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Moment of Glory


I leaned against the aged stone wall and gazed down on a narrow street below me. Ashen buildings deeply furrowed with centuries of scars, lined the cobbled road, and a determined wind hurled dust and pebbles along the way like so much confetti in a parade. With the coming of the evening, the western sky had darkened to a putty grey, and I pulled my jacket around my neck in defense of the chill.

In this ancient part of Jerusalem, where our Lord entered the city 2,000 years before, I stood, solemnly absorbing its significance. Near me, a score of people circled their tour guide, listening intently through headsets as he spoke of Jesus’ entrance on Palm Sunday. I knew the scene well. His arrival was chronicled in all the Gospels. But the guide’s words were of little interest to me, and I found my mind wandering, reflecting on that historic moment and its meaning. For it was here, where He entered Jerusalem, cloaked in a shroud of humility and grace, riding on the back of a young donkey. It was here He would spend his final days, before offering to all of us the ultimate sacrifice. 

I closed my eyes and imagined that moment. Soon the voices around me were silent and I could see it unfold before me.


The streets of Jerusalem were filled with an air of excitement that day. It was a palpable spirit of joy and celebration that could be sensed by the hundreds who clustered along the road. Waiting. They spoke excitedly of a Man who was coming. One who had healed the sick and crippled across all of Israel, and fed thousands with just a few fish and loaves of bread.

He spoke of loving your neighbor as you would yourself. That the meek and the broken hearted would be blessed and inherit the earth, and that all sins would be forgiven if they sought God and confessed their transgressions.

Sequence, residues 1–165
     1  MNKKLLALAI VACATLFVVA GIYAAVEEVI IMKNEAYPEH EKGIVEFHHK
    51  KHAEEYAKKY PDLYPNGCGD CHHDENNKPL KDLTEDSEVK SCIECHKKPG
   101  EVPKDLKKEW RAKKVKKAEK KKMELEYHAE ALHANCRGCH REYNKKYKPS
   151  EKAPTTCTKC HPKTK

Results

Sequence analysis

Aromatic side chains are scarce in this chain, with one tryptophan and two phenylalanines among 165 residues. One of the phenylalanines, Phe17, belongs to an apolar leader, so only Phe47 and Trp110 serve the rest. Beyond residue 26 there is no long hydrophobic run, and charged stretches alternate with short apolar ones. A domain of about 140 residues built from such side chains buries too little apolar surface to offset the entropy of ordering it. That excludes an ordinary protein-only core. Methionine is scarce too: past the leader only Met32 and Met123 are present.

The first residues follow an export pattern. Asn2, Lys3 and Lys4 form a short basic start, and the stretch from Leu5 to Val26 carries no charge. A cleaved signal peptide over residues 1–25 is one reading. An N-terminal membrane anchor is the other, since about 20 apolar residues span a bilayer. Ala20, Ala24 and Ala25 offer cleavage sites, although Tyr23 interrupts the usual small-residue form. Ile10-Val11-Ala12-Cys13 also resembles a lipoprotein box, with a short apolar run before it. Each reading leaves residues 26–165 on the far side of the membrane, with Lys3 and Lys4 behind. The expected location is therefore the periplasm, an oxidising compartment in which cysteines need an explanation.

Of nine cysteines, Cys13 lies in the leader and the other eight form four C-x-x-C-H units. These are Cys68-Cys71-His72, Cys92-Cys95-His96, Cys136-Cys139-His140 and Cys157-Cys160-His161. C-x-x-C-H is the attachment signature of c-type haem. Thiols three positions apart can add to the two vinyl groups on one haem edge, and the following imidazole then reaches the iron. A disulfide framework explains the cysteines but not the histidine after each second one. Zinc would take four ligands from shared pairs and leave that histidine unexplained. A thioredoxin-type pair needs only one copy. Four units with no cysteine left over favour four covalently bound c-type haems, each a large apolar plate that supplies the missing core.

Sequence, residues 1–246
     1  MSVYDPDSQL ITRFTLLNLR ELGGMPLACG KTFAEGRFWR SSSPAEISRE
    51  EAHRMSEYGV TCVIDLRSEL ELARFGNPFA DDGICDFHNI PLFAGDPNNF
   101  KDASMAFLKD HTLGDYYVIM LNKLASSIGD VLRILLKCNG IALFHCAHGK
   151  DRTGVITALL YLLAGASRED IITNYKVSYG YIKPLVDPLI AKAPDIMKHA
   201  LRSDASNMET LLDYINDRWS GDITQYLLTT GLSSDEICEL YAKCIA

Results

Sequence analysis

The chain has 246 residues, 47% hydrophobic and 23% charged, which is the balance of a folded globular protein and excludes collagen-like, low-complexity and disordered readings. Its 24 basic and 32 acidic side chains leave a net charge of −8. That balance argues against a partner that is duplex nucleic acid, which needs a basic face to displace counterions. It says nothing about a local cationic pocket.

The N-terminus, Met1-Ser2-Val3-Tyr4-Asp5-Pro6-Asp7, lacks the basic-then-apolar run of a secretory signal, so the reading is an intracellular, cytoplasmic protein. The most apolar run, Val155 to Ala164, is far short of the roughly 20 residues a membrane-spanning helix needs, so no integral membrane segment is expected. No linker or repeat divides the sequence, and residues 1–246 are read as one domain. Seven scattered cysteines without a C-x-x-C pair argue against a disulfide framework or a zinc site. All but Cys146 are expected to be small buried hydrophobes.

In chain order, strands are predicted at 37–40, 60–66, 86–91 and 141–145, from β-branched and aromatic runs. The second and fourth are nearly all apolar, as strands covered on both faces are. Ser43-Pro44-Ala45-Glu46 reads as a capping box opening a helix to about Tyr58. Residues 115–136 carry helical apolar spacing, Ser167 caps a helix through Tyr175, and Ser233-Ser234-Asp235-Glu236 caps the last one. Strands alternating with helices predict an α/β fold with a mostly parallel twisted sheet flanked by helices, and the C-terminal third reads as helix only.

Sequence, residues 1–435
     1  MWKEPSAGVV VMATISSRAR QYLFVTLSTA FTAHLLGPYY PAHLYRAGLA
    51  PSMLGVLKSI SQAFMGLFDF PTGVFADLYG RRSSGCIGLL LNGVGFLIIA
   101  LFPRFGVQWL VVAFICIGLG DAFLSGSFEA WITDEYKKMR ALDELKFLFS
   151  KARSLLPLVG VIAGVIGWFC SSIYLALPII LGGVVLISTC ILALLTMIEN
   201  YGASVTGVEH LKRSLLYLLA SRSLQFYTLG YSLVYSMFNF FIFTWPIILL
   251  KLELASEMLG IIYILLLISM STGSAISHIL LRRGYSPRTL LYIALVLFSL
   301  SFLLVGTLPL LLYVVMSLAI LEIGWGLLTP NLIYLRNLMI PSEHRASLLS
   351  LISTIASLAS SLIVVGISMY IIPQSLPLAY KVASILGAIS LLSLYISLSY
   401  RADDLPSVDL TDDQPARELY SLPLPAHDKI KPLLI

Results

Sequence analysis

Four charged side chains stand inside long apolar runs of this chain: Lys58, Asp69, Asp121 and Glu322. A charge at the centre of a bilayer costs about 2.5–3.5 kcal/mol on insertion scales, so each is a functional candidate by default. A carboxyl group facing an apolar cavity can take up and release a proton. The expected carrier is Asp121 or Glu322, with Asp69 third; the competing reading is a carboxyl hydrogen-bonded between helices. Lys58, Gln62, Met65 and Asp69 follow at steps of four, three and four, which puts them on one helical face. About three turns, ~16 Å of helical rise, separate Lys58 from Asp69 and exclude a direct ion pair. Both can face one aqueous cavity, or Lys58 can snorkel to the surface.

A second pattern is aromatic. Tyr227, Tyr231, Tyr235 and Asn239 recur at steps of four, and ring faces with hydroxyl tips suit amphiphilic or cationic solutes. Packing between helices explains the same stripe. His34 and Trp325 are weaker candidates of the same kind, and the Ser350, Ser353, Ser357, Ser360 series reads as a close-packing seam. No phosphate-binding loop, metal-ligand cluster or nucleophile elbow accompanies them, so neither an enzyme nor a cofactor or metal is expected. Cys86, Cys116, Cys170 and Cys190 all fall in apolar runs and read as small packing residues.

The jubilation and hope gleamed in their eyes, and as the Man neared the outskirts of the city, the spirited voices of the crowd grew louder and louder. Men and women laid their cloaks and strands of palm branches on the cobbled road ahead of Him. 

“Blessed is He who comes in the name of the Lord. Hosanna in the highest” they cried, and many fell to their knees in reverence.

And then He could be seen. He came down the road riding on the back of a young donkey. He wore a simple white robe and His hair and beard gleamed like strands of gold when the sunlight struck His face. And in His eyes shone an incredible intensity like a flickering candle in a darkened room.  

“He has come!” the people shouted, and as the Man and His followers passed by them, many dropped to their knees in prayer, knowing that they had just seen the son of God.


His entrance into Jerusalem would have been a glorious moment to have seen. It was a time when Israel rejoiced with the coming of the One who would finally deliver them from bondage. Yet days later, He would be shunned and sent off to die. Thoughts swirled through my mind as I considered what it must have been like for Him as He rode into the ancient city.